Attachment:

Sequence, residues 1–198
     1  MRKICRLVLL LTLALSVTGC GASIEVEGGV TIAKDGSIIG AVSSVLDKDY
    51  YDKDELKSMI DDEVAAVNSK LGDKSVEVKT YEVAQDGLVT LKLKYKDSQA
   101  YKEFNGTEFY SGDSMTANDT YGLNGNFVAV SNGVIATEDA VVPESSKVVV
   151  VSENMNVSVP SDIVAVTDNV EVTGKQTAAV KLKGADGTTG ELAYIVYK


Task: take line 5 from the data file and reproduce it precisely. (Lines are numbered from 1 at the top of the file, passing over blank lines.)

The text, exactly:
   151  VSENMNVSVP SDIVAVTDNV EVTGKQTAAV KLKGADGTTG ELAYIVYK